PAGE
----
The fifth-largest wildfire in California history expanded Tuesday, ripping through dry brush atop a coastal ridge while crews struggled to keep flames from roaring down into neighborhoods amid fears of renewed winds. Elsewhere, fire officials announced that a cooking fire at a homeless encampment sparked a blaze last week that destroyed six homes in the Bel Air neighborhood of Los Angeles.
, In this photo provided by the Santa Barbara County Fire Department, with smoke obscuring the sun in the distance, a Coulson C-130 Air Tanker turns in to make a drop on a hillside near Toro Canyon Road in Carpinteria, Calif., Monday, Dec. 11, 2017. Ash fell like snow and heavy smoke had residents gasping for air Monday as a wildfire exploded in size, becoming the fifth largest in state history. (Mike Eliason/Santa Barbara County Fire Department via AP)
13 of December 2017 01:09:30
LOS ANGELES (AP) — A cooking fire at a homeless encampment sparked a wildfire last week that destroyed six homes in the Bel Air neighborhood of Los Angeles, authorities said Tuesday, while the fifth-largest wildfire in California history burning northwest of the city kept expanding and kept thousands out of their homes.
They are among a half-dozen fires that flared in Southern California last week and were driven by fiercely gusting Santa Ana winds.
Arson investigators determined that the Bel Air fire near the world-famous Getty museum was started by an illegal fire at a camp near a freeway underpass, city fire Capt. Erik Scott said.
The camp was empty when firefighters found it but people apparently had been sleeping and cooking there for at least several days, he said.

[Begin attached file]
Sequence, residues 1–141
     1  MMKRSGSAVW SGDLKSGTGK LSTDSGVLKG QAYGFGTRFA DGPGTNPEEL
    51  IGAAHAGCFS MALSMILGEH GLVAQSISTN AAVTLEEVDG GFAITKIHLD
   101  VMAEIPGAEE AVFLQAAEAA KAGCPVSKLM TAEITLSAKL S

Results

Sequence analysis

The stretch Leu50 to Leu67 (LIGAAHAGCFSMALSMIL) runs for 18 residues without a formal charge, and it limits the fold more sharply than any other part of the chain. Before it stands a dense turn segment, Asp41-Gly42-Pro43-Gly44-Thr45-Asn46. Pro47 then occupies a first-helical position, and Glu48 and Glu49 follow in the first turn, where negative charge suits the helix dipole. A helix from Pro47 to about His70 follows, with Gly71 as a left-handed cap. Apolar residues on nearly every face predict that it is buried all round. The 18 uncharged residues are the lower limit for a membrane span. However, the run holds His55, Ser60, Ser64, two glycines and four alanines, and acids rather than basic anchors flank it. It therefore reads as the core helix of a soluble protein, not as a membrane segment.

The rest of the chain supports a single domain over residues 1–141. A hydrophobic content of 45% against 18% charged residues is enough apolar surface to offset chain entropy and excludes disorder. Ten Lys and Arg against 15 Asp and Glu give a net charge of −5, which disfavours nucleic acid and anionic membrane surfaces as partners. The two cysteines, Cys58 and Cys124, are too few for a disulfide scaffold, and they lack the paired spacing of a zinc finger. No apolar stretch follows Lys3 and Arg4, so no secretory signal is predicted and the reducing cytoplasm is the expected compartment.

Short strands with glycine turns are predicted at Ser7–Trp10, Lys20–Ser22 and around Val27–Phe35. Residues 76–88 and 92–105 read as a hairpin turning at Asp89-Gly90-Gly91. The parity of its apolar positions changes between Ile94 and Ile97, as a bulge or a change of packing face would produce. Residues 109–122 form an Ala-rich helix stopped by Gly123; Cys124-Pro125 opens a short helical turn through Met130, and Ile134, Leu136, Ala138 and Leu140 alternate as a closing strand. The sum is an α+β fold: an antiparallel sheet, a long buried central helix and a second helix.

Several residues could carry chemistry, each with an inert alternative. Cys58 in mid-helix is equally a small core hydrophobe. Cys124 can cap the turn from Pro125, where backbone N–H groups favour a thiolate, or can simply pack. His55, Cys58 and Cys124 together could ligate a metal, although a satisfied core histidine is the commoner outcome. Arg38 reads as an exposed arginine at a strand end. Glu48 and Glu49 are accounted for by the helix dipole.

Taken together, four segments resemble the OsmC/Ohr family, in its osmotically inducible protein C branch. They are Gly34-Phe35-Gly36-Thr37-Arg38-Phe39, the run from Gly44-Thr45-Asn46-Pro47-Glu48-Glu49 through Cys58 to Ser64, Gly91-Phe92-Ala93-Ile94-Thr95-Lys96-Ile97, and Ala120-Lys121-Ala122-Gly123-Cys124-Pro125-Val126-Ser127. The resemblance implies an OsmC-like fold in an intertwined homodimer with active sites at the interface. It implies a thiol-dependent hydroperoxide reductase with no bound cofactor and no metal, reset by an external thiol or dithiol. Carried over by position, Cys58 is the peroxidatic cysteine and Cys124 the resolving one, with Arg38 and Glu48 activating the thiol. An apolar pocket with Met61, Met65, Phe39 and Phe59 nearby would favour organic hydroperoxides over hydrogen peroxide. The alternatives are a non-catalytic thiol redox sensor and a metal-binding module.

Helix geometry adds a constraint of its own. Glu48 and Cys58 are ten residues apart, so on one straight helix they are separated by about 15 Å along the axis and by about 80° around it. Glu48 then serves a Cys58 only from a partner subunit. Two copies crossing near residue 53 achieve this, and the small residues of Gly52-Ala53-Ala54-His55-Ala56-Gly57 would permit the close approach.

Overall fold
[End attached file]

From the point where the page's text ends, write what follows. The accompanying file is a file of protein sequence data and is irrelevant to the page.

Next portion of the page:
Northwest of Los Angeles, firefighters protected foothill homes while the fire grew mostly into forest land, Santa Barbara County Fire Department spokesman Mike Eliason said.
Red Flag warnings for fire danger due to Santa Ana winds and a critical lack of moisture were extended into the week, with a possible increase in gusts Thursday into Friday.
Tens of thousands of people remain evacuated, including many from the seaside enclaves of Montecito, Summerland and Carpinteria and the inland agricultural town of Fillmore.
Still among evacuees due to smoke Tuesday were Rock and Roll Hall of Fame member Eric Burdon and his wife, Marianna, of Ojai. Last week, Burdon wrote on Facebook about having to flee and returning temporarily to find their home still standing with ashes all around.
"A week like this gives you the perspective that life is what truly matters," he wrote.
A photo accompanying the post showed his handprint and signature written in ashes.
Residents near a Carpinteria avocado orchard said the trees could end up saving their homes.
"You have a thick layer of leaves underneath the bottom and they are watered regularly, so it's like a sponge," Jeff Dreyer, who lives nearby, told KEYT-TV. "So the fire gets to the sponge full of water and it slows it down."
Officials handed out masks to those who stayed behind in Montecito, an exclusive community about 75 miles (120 kilometers) from Los Angeles that's home to stars such as Oprah Winfrey, Jeff Bridges and Drew Barrymore. Actor Rob Lowe was among residents who evacuated over the weekend.
The blaze — known as the Thomas Fire — has destroyed more than 680 homes, officials said. It was just partially contained after burning more than 360 square miles (930 square kilometers) of dry brush and timber. The fire has been burning for more than a week.
To the north, San Francisco Bay Area firefighters quickly contained blazes Tuesday that destroyed at least two homes in hills east of Oakland — the site of a 1991 firestorm that killed 25 people.
AP reporter John Antczak contributed to this report.
For complete coverage of the California wildfires, click here: https://apnews.com/tag/Wildfires.